Wharfies in battle for safe harbour
Recent deaths and injuries at or near Lyttelton Port point to a complex picture of overlapping, and a lack of training and safety policies where inexperienced workers are pressured to ntework back-to-back shifts and others are retiring early because of perceived risks, an investigation by The Press has revealed.
The issue is complicated further by an increasingly blurred line of who is responsible and potentially liable for workplace death and injury which often involve third-party companies.
Port companies around the country are now in conversation to implement a national strategy to help eliminate the serious injuries and deaths that have plagued the industry in recent years, Lyttelton Port Company has confirmed.
In August last year port worker Harley Ritchie’s leg was snapped in half when a steel beam fell on him. In November transport company owner William 'Bill' Frost died after being pinned between a logging truck trailer and a forklift.
The following month Harley Ritchie's uncle, Warren, was killed when he was struck by a crane grab while unloading urea in the hold of a Singaporean ship docked at Lyttelton. And then, in January, a Lyttelton Port Company worker was left with head and spinal injuries after a container fell on top of the forklift he was driving.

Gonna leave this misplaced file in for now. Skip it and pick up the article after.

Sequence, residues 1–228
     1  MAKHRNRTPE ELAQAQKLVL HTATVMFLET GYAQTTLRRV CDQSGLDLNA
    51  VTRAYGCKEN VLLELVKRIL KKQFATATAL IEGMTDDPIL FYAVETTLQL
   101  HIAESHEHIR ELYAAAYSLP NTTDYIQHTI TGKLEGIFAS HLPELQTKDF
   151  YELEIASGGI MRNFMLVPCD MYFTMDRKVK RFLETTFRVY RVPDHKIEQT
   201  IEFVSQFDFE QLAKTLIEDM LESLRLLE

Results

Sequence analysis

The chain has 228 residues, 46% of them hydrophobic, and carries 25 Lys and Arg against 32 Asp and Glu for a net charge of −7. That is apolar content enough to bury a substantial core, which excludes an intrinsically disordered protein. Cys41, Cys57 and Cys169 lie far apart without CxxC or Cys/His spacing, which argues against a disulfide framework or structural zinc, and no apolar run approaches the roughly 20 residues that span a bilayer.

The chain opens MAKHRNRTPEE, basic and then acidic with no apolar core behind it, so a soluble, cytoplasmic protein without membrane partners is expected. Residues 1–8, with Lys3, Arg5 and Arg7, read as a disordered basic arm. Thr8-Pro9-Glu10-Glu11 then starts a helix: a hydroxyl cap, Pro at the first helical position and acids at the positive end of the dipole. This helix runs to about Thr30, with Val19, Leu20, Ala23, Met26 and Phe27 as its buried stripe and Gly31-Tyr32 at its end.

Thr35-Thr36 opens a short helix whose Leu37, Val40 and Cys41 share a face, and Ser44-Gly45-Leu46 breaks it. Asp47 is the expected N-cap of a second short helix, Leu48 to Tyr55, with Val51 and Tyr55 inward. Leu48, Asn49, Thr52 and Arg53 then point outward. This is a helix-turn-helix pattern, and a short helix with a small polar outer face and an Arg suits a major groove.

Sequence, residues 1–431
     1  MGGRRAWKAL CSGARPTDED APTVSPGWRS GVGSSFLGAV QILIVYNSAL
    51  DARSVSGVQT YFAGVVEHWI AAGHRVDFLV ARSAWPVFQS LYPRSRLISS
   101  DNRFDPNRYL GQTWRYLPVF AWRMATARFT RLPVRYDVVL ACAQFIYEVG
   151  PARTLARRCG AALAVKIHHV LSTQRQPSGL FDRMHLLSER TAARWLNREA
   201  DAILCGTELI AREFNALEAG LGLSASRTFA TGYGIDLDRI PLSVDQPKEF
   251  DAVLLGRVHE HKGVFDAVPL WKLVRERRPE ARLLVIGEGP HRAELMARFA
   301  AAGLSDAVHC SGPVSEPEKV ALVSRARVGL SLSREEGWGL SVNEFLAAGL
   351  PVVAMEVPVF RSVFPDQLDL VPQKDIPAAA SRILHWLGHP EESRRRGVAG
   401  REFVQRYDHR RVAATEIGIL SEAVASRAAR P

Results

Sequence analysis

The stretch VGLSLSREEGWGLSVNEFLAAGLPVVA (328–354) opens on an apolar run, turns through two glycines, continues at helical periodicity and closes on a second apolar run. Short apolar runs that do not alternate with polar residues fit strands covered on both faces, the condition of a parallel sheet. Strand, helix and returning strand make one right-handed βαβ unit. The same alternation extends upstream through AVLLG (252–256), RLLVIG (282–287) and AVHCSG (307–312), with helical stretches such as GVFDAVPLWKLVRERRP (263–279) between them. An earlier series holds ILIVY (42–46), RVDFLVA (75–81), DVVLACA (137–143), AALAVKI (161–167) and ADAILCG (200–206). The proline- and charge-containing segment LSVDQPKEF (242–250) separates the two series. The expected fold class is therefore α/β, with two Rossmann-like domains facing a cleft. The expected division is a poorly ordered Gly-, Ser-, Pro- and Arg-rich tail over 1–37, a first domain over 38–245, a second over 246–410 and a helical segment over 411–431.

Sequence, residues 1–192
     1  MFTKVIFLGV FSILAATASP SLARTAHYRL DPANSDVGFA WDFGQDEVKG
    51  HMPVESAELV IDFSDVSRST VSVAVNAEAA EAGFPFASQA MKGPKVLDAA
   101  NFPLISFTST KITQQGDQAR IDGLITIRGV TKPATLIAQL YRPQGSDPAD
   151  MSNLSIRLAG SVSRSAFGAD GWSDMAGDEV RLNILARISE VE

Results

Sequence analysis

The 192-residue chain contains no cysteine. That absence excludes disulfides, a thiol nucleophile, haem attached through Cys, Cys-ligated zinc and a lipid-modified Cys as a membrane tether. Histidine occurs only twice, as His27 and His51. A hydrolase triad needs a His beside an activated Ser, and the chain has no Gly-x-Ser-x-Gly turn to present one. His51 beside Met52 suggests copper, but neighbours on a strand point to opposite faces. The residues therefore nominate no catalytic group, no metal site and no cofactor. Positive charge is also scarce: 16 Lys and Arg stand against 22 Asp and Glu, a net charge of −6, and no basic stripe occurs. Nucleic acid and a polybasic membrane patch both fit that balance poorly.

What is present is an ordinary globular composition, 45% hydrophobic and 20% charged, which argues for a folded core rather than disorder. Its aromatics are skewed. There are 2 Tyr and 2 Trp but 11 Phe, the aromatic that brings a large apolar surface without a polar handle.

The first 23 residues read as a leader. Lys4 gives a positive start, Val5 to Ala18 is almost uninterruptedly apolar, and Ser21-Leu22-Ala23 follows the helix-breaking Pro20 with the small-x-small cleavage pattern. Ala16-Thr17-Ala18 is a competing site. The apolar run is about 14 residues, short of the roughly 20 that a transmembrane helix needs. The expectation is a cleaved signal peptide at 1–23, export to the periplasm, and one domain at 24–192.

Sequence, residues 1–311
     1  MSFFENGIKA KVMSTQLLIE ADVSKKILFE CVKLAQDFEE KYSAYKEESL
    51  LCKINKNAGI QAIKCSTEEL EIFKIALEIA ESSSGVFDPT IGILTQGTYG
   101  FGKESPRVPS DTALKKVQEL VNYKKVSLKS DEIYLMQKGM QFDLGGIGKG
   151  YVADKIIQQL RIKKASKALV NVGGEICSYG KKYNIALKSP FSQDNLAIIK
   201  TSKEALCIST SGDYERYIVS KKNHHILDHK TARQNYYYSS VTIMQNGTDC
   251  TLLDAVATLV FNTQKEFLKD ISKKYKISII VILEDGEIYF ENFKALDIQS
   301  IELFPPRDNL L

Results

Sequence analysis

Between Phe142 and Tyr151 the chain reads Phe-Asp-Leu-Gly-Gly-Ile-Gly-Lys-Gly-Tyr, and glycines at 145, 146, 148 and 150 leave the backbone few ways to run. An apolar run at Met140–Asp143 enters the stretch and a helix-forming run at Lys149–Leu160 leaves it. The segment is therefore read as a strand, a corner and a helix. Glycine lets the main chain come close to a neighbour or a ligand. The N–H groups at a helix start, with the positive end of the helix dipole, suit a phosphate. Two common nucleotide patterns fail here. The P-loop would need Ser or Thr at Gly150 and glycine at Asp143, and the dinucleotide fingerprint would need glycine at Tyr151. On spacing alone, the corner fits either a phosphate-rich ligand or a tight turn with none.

But Lyttelton is not exceptional. In the last five years 10 people have been killed while working in ports, according to WorkSafe New Zealand figures. Almost half of these were in 2013 and this year but the statistics do not include those who died working on ships while docked at a port. These incidents are investigated and prosecuted by Maritime New Zealand.
"So there is a question," said Rail and Maritime Union organiser John Kerr. "Why, when there are fewer workers on the port and more modern mechanisms in existence, are workers being hurt and killed more often?"
Sources allege an increased casualisation of inexperienced workers who often work back-to-back shifts is leading to a lax health and safety culture.
"All the time, heaps of those young guys [have an attitude] of 'who gives a f...'," one port worker said.
Many of these casual workers did back-to-back shifts with different companies for the extra money – and also the pressure of being known as a loyal worker.
"You are definitely tired but if you want the money you have to keep going – the more you work the higher up on the list you go – earn trust, they call you back," Harley Ritchie said. "If you don't answer your phone or don't turn up, they don’t call you back.’"
It is also understood many older workers were retiring early because of perceived safety issues.
"From our perspective our aim is to make sure everyone gets home safe – we want all the people coming through here to have a good day’s work and get home safely without injury of any form," LPC chief executive Peter Davie said.
Many of the serious health and safety incidents involved third-party companies working on the port’s land. In the past there was a delineation between the LPC workers and the third-party companies, but the recent issues had changed that, Davie said.
He was in conversation with other ports around the country about how they could work together on health and safety. In the past these meetings had been "haphazard" but now he hoped it might evolve into a more formalised policy in the future.